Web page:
Microsoft Discounts Surface Tablets for Education Market

Microsoft is looking to take a bite out of Apple's controlling share of the education technology market by offering schools a tempting discount on its Windows RT line of tablets, John Paczkowski of AllThingsD reports. What started as a giveaway of 10,000 tablets has now expanded to a sustained plan to offer the company's digital Surface devices, which run the Windows RT mobile operating system and pack 32GB of memory, for $199.

That represents a 50% discount over the retail price and the sale will run until August 31st.

The discount will also apply to other models, with the $599 Surface with an attached Touch Cover soft keyboard selling for $249 and the more rugged Type Cover, typically selling for $629 will be available for sale to K-12 schools, colleges and universities for just $289.

The particular attraction of the offer lies in the fact that Microsoft is not attaching a minimum purchase requirement to the sale — a nod to school districts all over the country that are working with tighter technology budgets. The price is available to schools not just in America but worldwide.

According to Microsoft, the rationale for the discount is its "long tradition of offering special pricing to education customers," and a "mission in education … to help schools, students and educators realize their full potential."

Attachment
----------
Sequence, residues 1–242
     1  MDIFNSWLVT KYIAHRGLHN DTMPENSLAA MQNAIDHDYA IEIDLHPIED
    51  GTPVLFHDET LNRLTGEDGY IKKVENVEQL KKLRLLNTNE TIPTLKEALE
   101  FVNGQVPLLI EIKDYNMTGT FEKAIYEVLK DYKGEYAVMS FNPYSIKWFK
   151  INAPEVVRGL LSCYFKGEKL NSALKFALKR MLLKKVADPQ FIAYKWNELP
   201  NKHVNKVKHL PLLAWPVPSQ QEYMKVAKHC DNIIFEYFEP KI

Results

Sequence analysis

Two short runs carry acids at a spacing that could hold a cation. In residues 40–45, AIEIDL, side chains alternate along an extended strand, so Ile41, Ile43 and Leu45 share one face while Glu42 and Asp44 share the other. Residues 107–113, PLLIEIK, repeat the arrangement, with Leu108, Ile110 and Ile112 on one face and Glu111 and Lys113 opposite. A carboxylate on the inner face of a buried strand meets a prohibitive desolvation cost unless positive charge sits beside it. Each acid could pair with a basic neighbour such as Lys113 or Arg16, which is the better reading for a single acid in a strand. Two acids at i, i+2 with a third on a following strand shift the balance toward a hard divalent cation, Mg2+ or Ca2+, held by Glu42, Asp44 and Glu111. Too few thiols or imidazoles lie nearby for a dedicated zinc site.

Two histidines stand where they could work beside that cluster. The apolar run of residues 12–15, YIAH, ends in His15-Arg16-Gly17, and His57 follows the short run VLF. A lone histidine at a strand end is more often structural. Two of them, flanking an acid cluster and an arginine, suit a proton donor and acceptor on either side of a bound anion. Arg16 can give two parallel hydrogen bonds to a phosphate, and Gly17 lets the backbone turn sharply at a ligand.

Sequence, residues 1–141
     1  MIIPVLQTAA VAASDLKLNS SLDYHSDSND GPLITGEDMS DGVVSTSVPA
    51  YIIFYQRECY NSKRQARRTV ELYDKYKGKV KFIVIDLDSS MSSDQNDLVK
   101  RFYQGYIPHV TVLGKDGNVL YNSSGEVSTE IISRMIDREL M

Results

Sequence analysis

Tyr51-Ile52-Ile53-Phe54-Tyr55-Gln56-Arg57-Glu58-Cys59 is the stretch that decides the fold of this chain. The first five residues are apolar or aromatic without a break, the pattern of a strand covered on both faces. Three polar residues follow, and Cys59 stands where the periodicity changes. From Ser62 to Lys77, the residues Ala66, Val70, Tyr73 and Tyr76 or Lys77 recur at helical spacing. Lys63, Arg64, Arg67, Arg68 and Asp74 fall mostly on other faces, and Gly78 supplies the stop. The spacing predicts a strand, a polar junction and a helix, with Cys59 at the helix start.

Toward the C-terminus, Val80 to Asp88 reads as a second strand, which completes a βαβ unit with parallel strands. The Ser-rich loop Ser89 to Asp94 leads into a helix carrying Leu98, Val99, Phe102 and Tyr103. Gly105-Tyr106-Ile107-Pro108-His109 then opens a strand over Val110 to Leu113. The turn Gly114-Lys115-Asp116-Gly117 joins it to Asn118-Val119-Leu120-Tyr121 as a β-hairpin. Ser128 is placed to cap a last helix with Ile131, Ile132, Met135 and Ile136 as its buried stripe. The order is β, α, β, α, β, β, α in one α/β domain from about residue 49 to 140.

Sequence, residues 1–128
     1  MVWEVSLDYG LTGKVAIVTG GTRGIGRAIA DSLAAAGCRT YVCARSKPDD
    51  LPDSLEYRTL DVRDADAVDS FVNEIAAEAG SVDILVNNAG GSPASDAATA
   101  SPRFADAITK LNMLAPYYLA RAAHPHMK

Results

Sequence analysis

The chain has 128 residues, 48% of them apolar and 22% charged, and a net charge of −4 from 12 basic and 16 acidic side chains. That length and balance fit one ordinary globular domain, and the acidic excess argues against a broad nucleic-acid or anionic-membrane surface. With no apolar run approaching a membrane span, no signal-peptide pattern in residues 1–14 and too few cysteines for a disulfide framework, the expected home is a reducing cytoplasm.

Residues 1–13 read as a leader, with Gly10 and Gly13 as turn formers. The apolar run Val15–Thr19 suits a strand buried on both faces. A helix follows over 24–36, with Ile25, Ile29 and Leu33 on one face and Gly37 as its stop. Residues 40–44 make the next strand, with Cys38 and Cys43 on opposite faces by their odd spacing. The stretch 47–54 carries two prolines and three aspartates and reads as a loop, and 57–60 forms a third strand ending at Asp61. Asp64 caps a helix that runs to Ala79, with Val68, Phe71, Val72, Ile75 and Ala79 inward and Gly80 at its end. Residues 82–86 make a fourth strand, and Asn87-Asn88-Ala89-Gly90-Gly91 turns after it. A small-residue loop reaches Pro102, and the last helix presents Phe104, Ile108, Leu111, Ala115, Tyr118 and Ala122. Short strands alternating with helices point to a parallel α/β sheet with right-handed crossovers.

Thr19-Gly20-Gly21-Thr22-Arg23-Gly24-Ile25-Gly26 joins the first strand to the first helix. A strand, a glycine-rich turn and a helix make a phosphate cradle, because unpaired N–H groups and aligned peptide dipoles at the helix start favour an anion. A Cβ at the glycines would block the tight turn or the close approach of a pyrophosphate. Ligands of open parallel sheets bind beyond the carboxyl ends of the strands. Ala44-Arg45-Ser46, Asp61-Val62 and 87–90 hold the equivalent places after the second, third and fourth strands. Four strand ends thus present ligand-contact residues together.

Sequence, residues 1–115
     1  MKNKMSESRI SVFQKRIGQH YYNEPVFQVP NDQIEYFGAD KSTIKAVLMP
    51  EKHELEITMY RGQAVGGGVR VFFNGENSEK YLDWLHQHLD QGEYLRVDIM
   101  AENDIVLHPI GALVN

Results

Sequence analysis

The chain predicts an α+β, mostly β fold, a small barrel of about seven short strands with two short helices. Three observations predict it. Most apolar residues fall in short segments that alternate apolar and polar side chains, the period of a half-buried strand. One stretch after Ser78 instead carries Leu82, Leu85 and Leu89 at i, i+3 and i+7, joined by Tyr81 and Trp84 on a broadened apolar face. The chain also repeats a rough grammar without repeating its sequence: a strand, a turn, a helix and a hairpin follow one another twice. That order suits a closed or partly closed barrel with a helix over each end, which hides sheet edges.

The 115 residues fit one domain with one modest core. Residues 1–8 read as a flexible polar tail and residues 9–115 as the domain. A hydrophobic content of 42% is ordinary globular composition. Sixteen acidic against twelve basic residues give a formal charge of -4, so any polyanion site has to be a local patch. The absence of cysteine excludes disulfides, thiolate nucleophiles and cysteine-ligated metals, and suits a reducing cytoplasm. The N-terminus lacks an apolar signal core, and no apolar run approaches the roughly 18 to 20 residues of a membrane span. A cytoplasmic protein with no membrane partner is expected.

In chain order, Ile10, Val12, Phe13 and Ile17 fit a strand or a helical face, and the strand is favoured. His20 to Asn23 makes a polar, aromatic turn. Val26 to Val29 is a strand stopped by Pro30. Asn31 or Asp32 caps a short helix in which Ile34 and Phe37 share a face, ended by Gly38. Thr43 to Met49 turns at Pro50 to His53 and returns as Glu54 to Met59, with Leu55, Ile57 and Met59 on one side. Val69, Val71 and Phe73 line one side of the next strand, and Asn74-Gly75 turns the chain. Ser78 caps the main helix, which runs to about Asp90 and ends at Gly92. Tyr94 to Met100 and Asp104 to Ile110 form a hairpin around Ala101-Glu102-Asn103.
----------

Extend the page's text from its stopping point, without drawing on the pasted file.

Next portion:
But more practically it's an easy way to juice sales and whittle down inventory of a tablet that has been slow to gain traction in the consumer market. According to research firm IDC, Microsoft shipped about 900,000 Surface RT and Surface Pro tablets in the first quarter of this year.

Getting the tablet into more hands could also help the company down the road especially as it continues to compete in the sector long-dominated by Apple. Sources claim that production numbers were easily triple this amount, which could leave Microsoft with plenty of unsold stock to offer at more attractive pricing.

If Microsoft's new education promotion works as intended, we'll see more Surface units in the wild. And that's important. Because it's hard to accept Surface as an alternative to the iPad or Galaxy Tab if you don't see other people using it. Microsoft's new Surface ads poking fun at Siri and the iPad are great. But they're sticks and rags in a world in which you board a flight from San Francisco to New York and there are dozens of passengers with their faces obscured by iPads and Kindles, and nary a Surface in site.

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